To be an arts administrator is to stand behind, and if you’re fortunate, sometimes alongside greatness.
I would describe myself as a competent musician. I could have been better but I never applied myself, just too busy doing other things. I have a decent ear, and bad intonation drives me nuts.
I stumbled into arts administration back in the days when there was no Diploma, Bachelor or Masters in such things. I caught the bug, learnt on the job, and learnt from the best.
I believe that to present a great concert requires three key elements:
- An excellent performance;
- an enthusiastic audience; and
- a team behind the scenes who bring 1 and 2 together.
Point 3 is where people like me come in.
I was once called a jack of all trades (and master of none). It really irked me at the time. Now, some 20 plus years on and far older and wiser, that tag is worn more comfortably.
By wearing many hats, being versatile and nimble, I’ve had a most fulfilling career bringing musicians to stages in Australia and around the world. You can think of me as:
Your eyes and ears
I try to get out and see as many concerts as I can, around 150 a year. You need to have your finger on the pulse, and you can’t do it sitting behind a desk (well, not the whole picture anyway). I see musicians I’d love to work with, get ideas for new programming, feel the audience reaction and hear the first hand feedback as I loiter in the foyers.
Let’s be honest, not all musicians are great at describing what they do in a way that’s persuasive and compelling. In a world full of noise, cut-through is vital.
First things first though, if I don’t understand what you’re performing, and why, I can’t talk about it. I also have to believe in it. Once I’m on board, I can tell the world about it.
So I believe in it. I now need to find the best opportunity to make it a success. There are numerous considerations of when, how and where. For example, timing is important. Politicians don’t hold an election during footy finals. Neither should we.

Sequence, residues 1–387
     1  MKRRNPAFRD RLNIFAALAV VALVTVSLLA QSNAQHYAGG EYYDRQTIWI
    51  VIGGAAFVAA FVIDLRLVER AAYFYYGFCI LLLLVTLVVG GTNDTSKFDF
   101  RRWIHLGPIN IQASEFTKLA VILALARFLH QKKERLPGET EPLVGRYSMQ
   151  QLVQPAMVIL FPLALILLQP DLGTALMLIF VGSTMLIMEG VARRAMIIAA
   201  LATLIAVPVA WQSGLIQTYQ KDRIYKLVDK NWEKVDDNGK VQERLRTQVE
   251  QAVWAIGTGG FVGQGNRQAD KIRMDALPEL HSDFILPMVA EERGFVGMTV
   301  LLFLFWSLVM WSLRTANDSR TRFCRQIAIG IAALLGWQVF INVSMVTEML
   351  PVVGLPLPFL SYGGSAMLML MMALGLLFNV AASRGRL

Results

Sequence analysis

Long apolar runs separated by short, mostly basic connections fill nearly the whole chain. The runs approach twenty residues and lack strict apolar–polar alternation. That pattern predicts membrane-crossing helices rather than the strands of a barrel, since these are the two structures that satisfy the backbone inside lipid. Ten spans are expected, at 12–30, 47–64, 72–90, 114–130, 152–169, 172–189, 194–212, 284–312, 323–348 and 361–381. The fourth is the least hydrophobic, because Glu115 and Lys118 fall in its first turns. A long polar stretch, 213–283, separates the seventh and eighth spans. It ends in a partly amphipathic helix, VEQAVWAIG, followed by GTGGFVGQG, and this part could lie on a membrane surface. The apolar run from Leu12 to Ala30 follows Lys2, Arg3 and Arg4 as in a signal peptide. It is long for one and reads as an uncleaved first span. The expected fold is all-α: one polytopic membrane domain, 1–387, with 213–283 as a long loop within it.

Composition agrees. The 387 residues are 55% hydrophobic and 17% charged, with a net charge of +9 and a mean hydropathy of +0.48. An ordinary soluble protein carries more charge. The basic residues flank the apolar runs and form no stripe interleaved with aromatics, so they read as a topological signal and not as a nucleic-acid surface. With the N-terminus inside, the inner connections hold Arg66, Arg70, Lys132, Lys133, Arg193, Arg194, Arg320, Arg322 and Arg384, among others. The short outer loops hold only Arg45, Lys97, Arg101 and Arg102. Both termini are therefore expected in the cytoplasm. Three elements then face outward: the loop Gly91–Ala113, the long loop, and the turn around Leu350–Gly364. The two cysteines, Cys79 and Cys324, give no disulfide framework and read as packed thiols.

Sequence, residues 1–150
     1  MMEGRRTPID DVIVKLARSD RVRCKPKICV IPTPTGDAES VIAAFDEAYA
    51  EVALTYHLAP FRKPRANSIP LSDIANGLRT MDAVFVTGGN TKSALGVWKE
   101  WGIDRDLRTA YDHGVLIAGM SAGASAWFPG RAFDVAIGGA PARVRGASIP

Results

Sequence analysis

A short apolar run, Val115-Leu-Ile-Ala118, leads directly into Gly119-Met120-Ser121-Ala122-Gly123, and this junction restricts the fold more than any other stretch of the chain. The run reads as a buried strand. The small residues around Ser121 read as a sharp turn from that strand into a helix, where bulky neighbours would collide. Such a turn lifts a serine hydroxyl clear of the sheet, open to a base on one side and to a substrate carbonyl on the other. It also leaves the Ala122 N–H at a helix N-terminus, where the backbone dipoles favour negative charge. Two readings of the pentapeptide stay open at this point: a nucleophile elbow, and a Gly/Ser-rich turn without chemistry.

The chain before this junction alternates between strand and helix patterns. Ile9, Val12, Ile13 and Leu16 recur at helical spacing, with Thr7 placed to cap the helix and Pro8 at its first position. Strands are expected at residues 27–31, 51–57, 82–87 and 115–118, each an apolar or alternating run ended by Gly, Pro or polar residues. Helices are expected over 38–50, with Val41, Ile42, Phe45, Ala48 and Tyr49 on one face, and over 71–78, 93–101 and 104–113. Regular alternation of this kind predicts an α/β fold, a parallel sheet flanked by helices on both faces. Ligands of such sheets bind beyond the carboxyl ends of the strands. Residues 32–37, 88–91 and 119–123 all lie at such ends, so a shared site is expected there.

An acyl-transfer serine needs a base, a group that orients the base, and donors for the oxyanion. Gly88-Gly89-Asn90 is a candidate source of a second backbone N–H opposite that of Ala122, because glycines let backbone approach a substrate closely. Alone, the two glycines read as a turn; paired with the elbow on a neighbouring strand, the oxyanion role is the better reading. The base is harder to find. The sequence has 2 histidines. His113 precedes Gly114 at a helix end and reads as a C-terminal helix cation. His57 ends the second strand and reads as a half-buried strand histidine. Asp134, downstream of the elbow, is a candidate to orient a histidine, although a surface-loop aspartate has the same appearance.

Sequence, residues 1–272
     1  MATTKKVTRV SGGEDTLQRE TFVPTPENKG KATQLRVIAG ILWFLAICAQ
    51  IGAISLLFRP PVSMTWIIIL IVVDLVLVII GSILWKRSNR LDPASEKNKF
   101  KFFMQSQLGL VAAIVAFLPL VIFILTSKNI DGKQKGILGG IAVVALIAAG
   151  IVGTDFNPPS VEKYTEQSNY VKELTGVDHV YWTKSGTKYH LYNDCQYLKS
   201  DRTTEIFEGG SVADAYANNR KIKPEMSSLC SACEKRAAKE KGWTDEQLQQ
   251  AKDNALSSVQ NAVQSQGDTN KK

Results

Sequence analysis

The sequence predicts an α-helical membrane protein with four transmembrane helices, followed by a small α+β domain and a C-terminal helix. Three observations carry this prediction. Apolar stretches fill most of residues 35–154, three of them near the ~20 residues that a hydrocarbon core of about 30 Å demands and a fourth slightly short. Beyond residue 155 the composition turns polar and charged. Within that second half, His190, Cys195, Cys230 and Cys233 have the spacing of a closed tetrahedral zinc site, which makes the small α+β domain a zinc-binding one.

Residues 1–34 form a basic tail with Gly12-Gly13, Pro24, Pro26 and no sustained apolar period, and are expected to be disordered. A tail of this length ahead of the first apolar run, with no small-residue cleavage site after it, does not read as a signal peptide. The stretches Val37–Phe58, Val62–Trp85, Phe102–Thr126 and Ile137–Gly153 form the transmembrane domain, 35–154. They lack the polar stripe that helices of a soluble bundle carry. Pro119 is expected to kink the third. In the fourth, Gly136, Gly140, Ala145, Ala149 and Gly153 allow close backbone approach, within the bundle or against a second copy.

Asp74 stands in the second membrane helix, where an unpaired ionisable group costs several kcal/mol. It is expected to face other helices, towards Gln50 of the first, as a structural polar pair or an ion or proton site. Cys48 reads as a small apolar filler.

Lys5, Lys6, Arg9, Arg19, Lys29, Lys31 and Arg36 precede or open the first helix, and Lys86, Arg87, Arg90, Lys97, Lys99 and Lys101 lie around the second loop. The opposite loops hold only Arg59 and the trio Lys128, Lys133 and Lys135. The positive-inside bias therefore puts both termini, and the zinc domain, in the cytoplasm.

Your sales manager
How’s the concert selling? Who’s buying? The daily sales report arrives in my inbox at 5.37 every morning. I tell myself not to read it until I get into work but most of the time I can’t help it.
It’s our job to get a good audience for every concert. After we get them there, it’s up to you to make sure they experience a great performance.
Presenting a concert anywhere, even in a living room, can be a costly exercise. Performance fees are just the start. There’s a range of licences to consider, insurance, music, travel, accommodation, not to mention marketing and promotion. Budgets are essential and I can help with that, but where I’m most useful is ensuring you stick to the budget!
Missed your flight? Did the airline lose your cello? Lose your suitcase? Lose your passport? Forgot your black shirt? Left your instrument in the hotel room? Oh, the stories I could tell, but I won’t.
When on tour I always carry an extra set of music. I’ve learnt to pack light. To this day the personal section of my suitcase never weighs more than 14kg, even for an extended trip.
Your Michelin guide
Carnivore, pescatarian, vegetarian, vegan, gluten-free, lacto-ovo, nut allergy – no worries.
Just want someone to decide for you? I recall a moment in Genova, Italy following a concert, vaguely suggesting that I was off for a pizza, and that anyone was welcome to join me. The next thing, as I hopped on the tram I look around and the entire orchestra has squeezed on the tram. Finding a pizzeria for 30 without a reservation was a little challenging, but gosh it ended up a fun night.
Your seamstress, makeup artist and handyman
I’ve sewn a button on a conductor’s jacket whilst he was wearing it, I’ve stood side of stage with a mirror, powder and lipstick, and my record for setting up a chamber orchestra is 20 minutes, and would have been quicker if we had not been using wire music stands.
Your biggest fan
I work in the arts because I love it. I can’t see myself anywhere else. The job satisfaction is huge, none more so than when I jump up to my feet with the rest of the audience, and I see the satisfaction on your faces, knowing that you know that you nailed that performance, and this jack of all trades helped make it happen.
Elaine Chia, whose career spans music, theatre and visual arts, is a passionate advocate for the arts. Prior to her current role as CEO of City Recital Hall Limited, Elaine was the Director, International Signature Projects at the Australia Council for the Arts. Elaine has held senior roles at the Sydney Conservatorium of Music, Heide Museum of Modern Art, Belvoir Street Theatre and the Australian Youth Orchestra. She has worked on numerous international projects and led orchestral tours to Asia, Europe and South America.